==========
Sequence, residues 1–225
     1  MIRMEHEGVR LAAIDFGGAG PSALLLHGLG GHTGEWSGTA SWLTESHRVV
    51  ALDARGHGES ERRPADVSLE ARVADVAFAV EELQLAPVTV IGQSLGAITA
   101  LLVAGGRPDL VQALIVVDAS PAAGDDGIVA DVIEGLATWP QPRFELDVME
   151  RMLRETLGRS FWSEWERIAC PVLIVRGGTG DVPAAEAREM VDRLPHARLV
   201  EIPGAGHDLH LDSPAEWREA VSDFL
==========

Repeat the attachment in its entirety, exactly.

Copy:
Sequence, residues 1–225
     1  MIRMEHEGVR LAAIDFGGAG PSALLLHGLG GHTGEWSGTA SWLTESHRVV
    51  ALDARGHGES ERRPADVSLE ARVADVAFAV EELQLAPVTV IGQSLGAITA
   101  LLVAGGRPDL VQALIVVDAS PAAGDDGIVA DVIEGLATWP QPRFELDVME
   151  RMLRETLGRS FWSEWERIAC PVLIVRGGTG DVPAAEAREM VDRLPHARLV
   201  EIPGAGHDLH LDSPAEWREA VSDFL